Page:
Friday Podcast 27th September 2013
Transcript of Podcast
The Indian Rupee (INR) is still on life support. The only reason that it strengthened by 9.5% from lows of Rs 68.80 to the USD to levels of Rs 62.20 is due to profit taking by short sellers at lower levels, US Federal Reserve postponing bond purchase withdrawal and the RBI taking measures to increase USD flows. The INR can easily go back to its lows if there is a sudden shock in global markets, either by the Fed withdrawing its asset purchase program faster than expected or by geopolitical tensions in the Middle East leading to spike in oil prices globally.
The INR has a very strong reason to move down again now and this is purely domestic. Foreign investors and NRI’s have a reason to believe that India will show progress on reforms aimed at lowering the twin deficits, the fiscal and current account deficit. The belief stems from the fact that the government has gone on record on structural reforms in global investor forums. The Indian government is desperate to get in FII and FDI flows into the country to keep the INR from falling off the cliff.
The two recent announcements made by the government is definitely a cause for concern for the INR. One is the announcement of no diesel price hike and that fuel prices could be brought down and the second is the formation of the 7th Pay commission.
The INR is down over 50% against the USD over the last six years primarily due to 6th Pay Commission recommendation implementation and due to lack of pass through of rising global crude oil prices to the end user. India’s fiscal deficit touched 14 year highs of 6.46% of GDP in 2009-10 on implementation of the 6th pay commission. Fuel, food and fertilizer subsidies took up fiscal deficit to levels of 5.75% of GDP in 2011-12 from levels of 4.79% of GDP seen in 2010-11. Fuel subsidies have also impacted the current account deficit that touched all time highs of 4.8% of GDP in 2012-13, as fuel consumption was not rationalized.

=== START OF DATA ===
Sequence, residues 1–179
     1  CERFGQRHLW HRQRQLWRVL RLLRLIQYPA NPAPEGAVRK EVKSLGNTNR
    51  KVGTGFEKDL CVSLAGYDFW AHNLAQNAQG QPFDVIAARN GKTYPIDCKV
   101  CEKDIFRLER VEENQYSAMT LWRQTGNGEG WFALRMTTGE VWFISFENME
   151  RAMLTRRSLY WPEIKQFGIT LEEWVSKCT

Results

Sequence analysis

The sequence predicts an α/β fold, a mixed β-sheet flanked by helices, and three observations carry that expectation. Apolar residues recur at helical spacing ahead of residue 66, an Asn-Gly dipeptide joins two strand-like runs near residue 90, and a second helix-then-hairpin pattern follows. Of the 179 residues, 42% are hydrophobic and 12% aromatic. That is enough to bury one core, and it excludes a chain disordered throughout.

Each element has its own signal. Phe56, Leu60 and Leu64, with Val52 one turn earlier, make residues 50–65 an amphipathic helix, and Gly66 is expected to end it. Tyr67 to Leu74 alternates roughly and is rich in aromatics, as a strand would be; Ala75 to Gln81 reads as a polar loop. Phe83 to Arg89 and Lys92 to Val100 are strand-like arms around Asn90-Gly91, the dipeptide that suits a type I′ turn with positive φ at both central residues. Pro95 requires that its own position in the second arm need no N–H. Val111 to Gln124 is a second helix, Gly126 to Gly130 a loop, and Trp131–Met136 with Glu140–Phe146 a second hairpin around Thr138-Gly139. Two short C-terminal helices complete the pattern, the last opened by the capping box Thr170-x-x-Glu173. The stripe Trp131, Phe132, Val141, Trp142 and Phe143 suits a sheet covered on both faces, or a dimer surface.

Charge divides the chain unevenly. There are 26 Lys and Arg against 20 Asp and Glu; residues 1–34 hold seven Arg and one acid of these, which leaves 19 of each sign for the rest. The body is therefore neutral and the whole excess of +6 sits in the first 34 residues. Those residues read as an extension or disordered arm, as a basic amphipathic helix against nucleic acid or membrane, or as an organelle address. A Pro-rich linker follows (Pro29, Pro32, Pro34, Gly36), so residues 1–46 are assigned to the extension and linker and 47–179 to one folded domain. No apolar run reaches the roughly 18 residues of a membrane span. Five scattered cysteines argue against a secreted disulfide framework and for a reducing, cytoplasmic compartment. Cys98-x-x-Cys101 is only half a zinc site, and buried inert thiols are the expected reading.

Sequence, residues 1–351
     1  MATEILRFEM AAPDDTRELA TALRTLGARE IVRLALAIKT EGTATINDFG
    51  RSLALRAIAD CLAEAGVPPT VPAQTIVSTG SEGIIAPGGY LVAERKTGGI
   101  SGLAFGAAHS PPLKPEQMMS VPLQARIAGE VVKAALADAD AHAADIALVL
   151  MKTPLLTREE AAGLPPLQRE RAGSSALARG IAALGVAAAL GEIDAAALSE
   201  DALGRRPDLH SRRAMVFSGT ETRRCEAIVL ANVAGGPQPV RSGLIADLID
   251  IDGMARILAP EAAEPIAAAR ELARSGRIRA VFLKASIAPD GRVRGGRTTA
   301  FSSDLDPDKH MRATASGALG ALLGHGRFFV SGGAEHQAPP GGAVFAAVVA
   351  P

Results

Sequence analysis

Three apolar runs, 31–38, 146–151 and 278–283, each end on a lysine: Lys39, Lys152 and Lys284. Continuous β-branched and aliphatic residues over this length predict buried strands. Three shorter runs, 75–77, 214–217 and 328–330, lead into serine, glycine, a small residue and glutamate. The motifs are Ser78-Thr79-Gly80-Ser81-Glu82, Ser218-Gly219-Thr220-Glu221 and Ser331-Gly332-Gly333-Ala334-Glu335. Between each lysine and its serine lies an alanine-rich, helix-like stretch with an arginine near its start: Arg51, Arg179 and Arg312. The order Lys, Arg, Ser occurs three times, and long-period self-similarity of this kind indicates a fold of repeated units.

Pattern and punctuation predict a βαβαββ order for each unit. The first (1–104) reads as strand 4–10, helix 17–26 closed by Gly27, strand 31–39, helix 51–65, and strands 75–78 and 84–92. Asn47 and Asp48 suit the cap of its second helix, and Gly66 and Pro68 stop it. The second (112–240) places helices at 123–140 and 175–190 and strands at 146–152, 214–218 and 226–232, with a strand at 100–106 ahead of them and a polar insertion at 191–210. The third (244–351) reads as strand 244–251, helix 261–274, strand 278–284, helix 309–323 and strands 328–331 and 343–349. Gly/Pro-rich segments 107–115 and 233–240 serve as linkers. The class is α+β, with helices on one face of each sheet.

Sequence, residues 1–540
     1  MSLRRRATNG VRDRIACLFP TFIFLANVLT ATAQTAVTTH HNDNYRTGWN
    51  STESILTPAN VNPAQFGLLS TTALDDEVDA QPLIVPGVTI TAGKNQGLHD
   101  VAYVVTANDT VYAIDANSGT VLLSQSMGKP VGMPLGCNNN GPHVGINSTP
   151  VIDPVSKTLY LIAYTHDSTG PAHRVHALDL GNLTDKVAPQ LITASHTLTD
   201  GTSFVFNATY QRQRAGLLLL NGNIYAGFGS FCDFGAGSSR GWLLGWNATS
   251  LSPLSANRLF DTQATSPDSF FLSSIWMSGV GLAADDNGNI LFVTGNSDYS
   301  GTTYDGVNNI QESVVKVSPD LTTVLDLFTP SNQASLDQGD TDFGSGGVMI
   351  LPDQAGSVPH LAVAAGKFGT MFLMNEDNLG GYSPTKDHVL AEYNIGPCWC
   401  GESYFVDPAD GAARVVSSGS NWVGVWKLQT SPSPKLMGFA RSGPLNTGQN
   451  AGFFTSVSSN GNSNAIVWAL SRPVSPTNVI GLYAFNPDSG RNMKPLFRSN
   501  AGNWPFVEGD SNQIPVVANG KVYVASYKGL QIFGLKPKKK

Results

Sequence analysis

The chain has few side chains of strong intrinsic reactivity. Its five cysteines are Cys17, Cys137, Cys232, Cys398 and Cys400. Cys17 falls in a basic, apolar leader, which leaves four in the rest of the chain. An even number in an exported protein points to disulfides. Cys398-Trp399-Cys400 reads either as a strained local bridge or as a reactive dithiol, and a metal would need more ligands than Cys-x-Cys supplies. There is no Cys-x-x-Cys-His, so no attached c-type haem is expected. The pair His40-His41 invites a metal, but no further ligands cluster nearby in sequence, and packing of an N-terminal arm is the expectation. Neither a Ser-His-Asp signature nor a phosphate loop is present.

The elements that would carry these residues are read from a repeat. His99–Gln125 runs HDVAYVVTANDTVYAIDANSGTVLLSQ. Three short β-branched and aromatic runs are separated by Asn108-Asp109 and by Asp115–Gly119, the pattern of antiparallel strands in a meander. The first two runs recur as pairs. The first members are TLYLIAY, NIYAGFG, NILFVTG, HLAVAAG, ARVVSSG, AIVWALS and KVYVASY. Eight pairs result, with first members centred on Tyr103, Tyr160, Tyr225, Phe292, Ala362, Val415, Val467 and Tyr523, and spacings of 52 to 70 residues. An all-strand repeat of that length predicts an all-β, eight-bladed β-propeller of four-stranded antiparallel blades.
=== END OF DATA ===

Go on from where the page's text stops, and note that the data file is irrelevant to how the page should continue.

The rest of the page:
The government has added fresh worries to both domestic and foreign investors alike on the 7th pay commission formation and lack of pass through of global oil prices to the end user. Markets could start factoring in higher deficits going forward and that would mean fresh pressure on the INR.
The INR falling on the back of the government going back on its commitment to reforms cannot be saved. RBI cannot save the INR nor can the US Federal Reserve save the INR. The government may find itself fighting the INR fall going into the 2014 assembly elections.
The government should realise that the INR is the barometer of its performance and if the currency is at record lows going into polls, even the most loyal voters will vote for change. Hence, the government must stop its poll gimmicks and get on with taking the right economic decisions.
Have you registered for the The Weekend Online Fixed Income and Currency Markets Training Program? Please call toll free 1800-102-1611 or log in to INRBONDS.com for registration.
Thank you for listening in. Have a good weekend.